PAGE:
Saturday, September 28, 2013

Alcohol Use Disorders in the Elderly

Alcohol Use Disorders in the Elderly

Sept. 28, 2013

Sheryl Spithoff MD CCFP
University of Toronto

Suzanne D. Turner MBS, MD CCFP
Univeristy of Toronto

This lecture was given at the Canadian Society of Addiction Medicine, Vancouver ,2013
These are my rough notes which hopefully give a gist of the breath and depth of information. This was an excellent presentation by two very fine clinicians with obvious experience and caring.  

Past Year Alcohol Use by age
CAMH Monitor 2011

discernible increse in past year alcoyol use age 65 and older
-58.8% in 1997 to 71.8% in 2011

High % of daily drinking are in greater than 65 yo age range
M greater than Women

Burden of Illness
Blow, 2012, Mann 2013
By 2030 , older adults will represent greater than 19% of total US pop.  

Low Risk Drinking Guidlines - no more than 15 / week, no more than 3 drinks/siting

Percentage exceeding LRDG (low risk drinking guidelines)

Consumption limit for older adults should be lower
-Older men -recommend no mor than 1 drink per day Chermack 19956
For women this should be the amount
Max 2 drink  Blow 1998

American Geriatrics Society define high risk drinking as 
greater than 3 drinks on a single sitting

Barrier to treatment
-fewer addiction programs for older adults 
elderly have difficulty accessing existing program- long wait lists, complex adminission procedures, multip appointments
-most have group therapies and group therapies are commonly intimidating for older pop

Brief Intervention
Chermack 1996, Blow 1998
Review low risk drinking guide lines
Link drinking to individual patient situation
Emphacize that mood, sleep, energy level will improve with reduced drinking
Ask patient to committ to drinking goad - write a prescription

Older at risk drinkers showed significant reduction in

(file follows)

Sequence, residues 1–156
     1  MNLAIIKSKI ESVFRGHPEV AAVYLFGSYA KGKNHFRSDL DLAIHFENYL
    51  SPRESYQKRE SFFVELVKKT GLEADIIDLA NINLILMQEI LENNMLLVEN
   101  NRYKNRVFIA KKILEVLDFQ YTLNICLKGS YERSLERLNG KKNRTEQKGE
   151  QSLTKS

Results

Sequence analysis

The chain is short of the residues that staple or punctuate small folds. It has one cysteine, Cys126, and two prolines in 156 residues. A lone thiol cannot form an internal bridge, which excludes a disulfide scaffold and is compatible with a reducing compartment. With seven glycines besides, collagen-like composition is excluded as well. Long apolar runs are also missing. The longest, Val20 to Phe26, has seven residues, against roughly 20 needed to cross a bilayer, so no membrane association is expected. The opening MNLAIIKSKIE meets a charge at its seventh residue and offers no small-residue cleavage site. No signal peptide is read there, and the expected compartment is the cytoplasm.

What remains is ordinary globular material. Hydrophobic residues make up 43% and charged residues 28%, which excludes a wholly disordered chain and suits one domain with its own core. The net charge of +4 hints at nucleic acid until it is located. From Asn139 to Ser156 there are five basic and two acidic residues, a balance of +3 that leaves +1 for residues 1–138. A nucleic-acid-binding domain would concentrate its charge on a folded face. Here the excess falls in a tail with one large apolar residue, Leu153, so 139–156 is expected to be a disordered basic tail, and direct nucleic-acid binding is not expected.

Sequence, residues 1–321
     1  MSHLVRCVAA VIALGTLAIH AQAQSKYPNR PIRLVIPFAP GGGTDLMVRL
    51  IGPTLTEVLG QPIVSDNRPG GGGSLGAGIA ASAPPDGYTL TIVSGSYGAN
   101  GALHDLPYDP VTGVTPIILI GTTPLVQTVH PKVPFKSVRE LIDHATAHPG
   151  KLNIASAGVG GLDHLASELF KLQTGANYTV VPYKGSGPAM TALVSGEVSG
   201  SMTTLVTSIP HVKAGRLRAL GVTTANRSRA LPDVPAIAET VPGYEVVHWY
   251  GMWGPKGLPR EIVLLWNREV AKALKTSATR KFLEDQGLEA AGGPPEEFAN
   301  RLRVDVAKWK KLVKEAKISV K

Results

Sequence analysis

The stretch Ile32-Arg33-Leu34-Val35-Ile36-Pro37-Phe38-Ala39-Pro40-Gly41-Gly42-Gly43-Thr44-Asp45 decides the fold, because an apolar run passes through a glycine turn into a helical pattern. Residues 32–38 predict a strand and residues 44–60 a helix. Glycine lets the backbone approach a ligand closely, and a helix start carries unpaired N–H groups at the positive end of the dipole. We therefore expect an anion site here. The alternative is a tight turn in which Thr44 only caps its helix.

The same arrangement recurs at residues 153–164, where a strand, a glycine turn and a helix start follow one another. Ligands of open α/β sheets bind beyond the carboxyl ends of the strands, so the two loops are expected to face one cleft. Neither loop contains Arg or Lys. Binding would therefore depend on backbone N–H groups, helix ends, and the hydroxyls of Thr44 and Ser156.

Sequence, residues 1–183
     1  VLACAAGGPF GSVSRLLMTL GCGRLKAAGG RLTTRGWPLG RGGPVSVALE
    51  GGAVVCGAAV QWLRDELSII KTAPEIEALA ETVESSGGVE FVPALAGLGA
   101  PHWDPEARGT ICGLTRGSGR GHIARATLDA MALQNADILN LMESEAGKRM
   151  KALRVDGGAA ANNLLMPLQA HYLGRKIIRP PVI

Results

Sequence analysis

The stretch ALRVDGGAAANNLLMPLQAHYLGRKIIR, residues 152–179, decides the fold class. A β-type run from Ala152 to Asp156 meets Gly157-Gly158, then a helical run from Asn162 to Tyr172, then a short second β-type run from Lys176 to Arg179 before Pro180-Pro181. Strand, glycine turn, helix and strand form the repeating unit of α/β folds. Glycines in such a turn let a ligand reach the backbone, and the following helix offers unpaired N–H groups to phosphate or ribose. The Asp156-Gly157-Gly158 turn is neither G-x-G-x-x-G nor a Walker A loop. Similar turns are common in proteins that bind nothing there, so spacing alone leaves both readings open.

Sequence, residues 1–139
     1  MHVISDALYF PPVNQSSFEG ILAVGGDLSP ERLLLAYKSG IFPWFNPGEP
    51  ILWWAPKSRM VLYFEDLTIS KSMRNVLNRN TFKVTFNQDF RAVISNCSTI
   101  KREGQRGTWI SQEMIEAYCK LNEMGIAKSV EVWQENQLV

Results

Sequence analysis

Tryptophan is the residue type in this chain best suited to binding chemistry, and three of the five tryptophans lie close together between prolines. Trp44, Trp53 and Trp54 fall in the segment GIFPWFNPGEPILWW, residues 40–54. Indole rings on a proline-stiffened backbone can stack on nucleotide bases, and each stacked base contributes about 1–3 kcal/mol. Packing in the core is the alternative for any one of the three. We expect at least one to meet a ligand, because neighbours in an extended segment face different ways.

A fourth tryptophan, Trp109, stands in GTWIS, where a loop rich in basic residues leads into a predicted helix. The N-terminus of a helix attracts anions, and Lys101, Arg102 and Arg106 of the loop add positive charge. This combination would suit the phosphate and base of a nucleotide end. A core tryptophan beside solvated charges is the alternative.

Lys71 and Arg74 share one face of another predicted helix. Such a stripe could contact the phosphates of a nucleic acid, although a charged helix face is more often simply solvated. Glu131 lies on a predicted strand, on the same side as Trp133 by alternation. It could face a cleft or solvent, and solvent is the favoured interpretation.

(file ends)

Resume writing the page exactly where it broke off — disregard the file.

-7 day alcohol use
-episodes of binge drinking
-frequency of excessive drinking (greater than 21 drinks/wek

The reduction was followed over time with differences present at 12 months

Cognitive Behaviour Therapy
-sustained abstinence with age matched group
16 weekly group sessions using CBT
at 6 months those who completed program had higher rates of abstinence

CBT worked well with older veterans with medical and psychaitric and addiction problems


alcohol treatment is as effective as with younger adults
pharmacotherapy is equally effective
Need strict compliance and monitoring of adverse effects

Naltrexone (Revia) 
-well tolerated in older adult population
No difference between placebo and revia
Elderly more likely to be complianc
higher retention rates
less likely to relapse
more attendance at therapy than younger
older adults respond well to medical treatment 

Psychotherapy and Naltrexone work well in elderly

mild - irritable, tremor, anxiety - resolve in a few days
moderate- anxiety, headache, N&V , sensory disturbance, tachycardia, HTN, tremor, sweater,s usually start 6-12 hours after and clear us 7-10 days
5 % of patient severe problems

Seizures usually 12 to 22 hours

More severe in older age groups, benzodiazpeine requirements greaters - in older studies
New studies no greater severity and no more benzo needed but comorbity and longer stays

Planned Withdrawal
-Do risk assessemnt
Low risk - no adminssion
High risk - close observation and medical management
Both groups need ongoing treatment plan

PLanned withdrawal, low risk
  • no ‘relief drinking’
  • no history of seizures or arrythmias
  • drinking less than 40 per week in younger or 20 per week for elderly

Planned Withdrawal, Higher Risk
  • need medcial management
  • Benzodiazepines have best evidence for acohol withdrawal

Cochrane Review - benzodiazepen - librium recommendations
But for elderly - Pepper et al 1996 - select short acting benzodiazepine in elderly - ie ativan, lorazepam

Outpatient withdrawal
Blondell 2005 - criteria
Initial CIWA between 8 and 15
 no history of seizures or arrythmians

Age over 60 ‘relative contraindication’
  • increase risk of confusion/delirium

Outpatient management
-carefully select if over 60
-must meet low risk criteria
Evans 1996
At 3 months, 2/4 abstinent
improvement in MMSE

Inpatient withdrawal
supportive treatment, fluids, electrolytes, 
be careful co morbidity
more frequent review
start 1-2 mg
beware of arrythmia and sedation

anti psychotic s - generally avoid
-prolong qt - almost all first and second generation
if used doe ekg to check qTC
Some lower seizure threshold-

Subacute Withdrawal
-may last for months
agitation, irritability, poor sleep, anxiety

Gabapentin has been used

Insomnia a risk for relapse
-cbt best evidence
-sleep hygeine education

No studies for CBT ofr insomnia in elderly 

reduce time spend in bed when not sleeping
leave bed if difficult sleeping
establish and maintain regularity
avoid daytime naps

Pharmacological treatment of Insomnia
-trazadone best evidence
-gabapentin equivocal
  • benzo and z drugs

if concurrent disorder treat with SSRI
higher risk of suicide in elderly

No comments: